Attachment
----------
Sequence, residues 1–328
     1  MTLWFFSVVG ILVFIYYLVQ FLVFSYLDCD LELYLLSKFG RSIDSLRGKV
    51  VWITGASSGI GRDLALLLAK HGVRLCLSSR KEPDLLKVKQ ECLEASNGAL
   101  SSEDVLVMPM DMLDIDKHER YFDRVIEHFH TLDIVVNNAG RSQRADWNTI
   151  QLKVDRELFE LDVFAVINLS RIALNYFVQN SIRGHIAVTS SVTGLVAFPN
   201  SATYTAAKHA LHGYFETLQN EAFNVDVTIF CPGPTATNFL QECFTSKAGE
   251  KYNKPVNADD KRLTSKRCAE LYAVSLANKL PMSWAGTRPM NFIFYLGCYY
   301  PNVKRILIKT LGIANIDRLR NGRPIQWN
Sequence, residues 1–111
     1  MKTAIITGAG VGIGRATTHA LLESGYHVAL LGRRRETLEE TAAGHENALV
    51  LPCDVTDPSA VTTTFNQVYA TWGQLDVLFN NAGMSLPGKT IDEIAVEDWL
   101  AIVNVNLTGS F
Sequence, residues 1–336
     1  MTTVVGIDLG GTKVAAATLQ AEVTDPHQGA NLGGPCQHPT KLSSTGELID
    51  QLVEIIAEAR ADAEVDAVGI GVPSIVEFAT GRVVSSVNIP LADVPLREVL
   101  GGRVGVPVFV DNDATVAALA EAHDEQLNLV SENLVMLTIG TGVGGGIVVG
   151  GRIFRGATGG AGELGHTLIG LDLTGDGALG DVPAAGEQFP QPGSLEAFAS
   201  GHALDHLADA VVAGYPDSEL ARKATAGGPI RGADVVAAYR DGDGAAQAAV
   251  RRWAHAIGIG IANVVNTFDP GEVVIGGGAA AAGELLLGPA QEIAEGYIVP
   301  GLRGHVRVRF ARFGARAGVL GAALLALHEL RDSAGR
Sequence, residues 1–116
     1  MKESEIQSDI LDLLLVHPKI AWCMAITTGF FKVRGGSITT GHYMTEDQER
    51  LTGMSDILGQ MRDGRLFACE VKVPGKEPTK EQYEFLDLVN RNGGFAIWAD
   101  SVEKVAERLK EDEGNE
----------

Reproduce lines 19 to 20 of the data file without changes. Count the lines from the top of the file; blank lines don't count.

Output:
   251  RRWAHAIGIG IANVVNTFDP GEVVIGGGAA AAGELLLGPA QEIAEGYIVP
   301  GLRGHVRVRF ARFGARAGVL GAALLALHEL RDSAGR